Recommendation: Mitiga provides an SQL query that will help identify instances of failed login attempts that might reveal passwords. Any passwords that users have entered into the wrong field should be promptly changed. Additionally, organizations should utilize multi-factor authentication (MFA) wherever possible to reduce the likelihood of attackers gaining entry to their environment even in the event of a user’s password being compromised.

🚩 SharePoint as a Phishing Tool

Individuals across Europe and the U.S. are being targeted in a recent phishing campaign that relies on legitimate Microsoft servers by leveraging a native notification mechanism of Microsoft SharePoint. Cybercriminals are distributing OneNote files by leveraging the legitimate share feature to produce a genuine notification from SharePoint. The OneNote file is benign but contains a malicious link to an impersonated OneDrive login page to harvest credentials.

Impact: These methods are less likely to raise suspicion as they are legitimate features of Microsoft that are, by nature, not malicious. The OneNote file may also go undetected as it doesn’t contain malware but a hyperlink to malicious hosting instead.

Recommendation: Users should be cautious and vigilant when receiving emails that appear to be from SharePoint. Avoid opening files that an unknown sender shares.

North Korean Hackers Using Chrome Extensions to Steal Gmail Emails

The attack begins with a spearphishing email urging the victim to install a malicious Chrome extension. Once the victim visits Gmail through the infected browser, the extension automatically steals the victim’s email content. The extension abuses the developer tools API on the browser to send the stolen data to a relay server. The Android malware is “FastViewer”, “Fastfire”, or “Fastspy DEX”, which has been masquerading as a security plugin or document viewer since October 2022.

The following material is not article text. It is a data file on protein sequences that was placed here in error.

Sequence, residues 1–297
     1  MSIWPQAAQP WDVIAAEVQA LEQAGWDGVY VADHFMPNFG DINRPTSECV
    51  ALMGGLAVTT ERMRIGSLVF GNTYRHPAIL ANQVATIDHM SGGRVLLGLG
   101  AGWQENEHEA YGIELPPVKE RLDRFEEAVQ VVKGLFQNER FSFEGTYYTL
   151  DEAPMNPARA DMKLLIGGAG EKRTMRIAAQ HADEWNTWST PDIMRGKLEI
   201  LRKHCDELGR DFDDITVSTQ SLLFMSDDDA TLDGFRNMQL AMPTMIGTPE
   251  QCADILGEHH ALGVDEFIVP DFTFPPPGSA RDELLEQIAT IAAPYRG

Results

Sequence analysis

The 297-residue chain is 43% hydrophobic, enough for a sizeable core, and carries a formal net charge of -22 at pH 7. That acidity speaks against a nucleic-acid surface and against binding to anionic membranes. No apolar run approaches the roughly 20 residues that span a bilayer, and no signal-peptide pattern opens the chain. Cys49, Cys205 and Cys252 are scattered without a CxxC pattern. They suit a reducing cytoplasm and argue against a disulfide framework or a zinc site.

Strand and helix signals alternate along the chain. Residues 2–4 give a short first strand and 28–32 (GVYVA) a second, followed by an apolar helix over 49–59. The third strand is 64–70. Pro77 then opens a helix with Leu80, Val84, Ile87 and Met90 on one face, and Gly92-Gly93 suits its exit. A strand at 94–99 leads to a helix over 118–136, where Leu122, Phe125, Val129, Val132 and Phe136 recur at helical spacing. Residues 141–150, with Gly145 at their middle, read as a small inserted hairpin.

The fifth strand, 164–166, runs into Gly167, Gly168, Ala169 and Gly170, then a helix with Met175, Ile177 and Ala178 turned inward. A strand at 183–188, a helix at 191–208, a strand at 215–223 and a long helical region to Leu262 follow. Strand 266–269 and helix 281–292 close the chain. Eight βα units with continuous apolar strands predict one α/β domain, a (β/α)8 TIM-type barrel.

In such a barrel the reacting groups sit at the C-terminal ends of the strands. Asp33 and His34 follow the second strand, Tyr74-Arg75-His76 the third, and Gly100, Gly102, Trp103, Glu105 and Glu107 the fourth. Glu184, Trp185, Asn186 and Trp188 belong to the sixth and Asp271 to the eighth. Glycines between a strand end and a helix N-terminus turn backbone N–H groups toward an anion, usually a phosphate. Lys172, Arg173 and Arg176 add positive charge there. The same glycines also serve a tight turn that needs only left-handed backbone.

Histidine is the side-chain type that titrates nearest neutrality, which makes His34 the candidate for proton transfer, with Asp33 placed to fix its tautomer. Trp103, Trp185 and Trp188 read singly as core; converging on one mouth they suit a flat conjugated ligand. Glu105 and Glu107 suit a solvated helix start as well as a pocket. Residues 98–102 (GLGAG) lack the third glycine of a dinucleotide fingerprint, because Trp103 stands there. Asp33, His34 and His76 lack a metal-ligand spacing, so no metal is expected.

Impact: Kimsuky leverages the Google Play developer console allowing the victim’s device to be added for “app testing”. It abuse the web-to-phone synchronization feature of Google Play, to allow users to install apps on their linked devices. This attack could allow unauthorized access into a target’s email account, which may include access to high-profile users and sensitive data.

Recommendation: Due to the initial spearphishing attack vector, users should practice due diligence when checking emails and avoid downloading unknown plugins.

Android Banking Trojan “Nexus” Malware-as-a-Service Emerges (Maas) In The Wild

Security researchers have identified a new Android banking trojan called “Nexus” that is being offered for rent on dark web forums as MaaS. The trojan is disguised as a legitimate application and steals user login credentials for banking and financial apps. It can also intercept SMS messages and forward them to the attackers’ servers to counter multi-factor authentication. Nexus uses a unique encryption algorithm to evade detection by antivirus software, making it difficult to detect and remove. There has been some indication that the Nexus malware may also turn infected devices into bots on a botnet, which can be used for further attacks.

Impact: This Android trojan is a serious threat to users who may also use their phone for business purposes, as it is disguised as a legitimate application to steal users’ login credentials for banking and financial apps, as well as to intercept SMS messages.

Recommendation: Android users should verify the legitimacy of third-party applications, ensure their systems are up to date, and enable multi-factor authentication.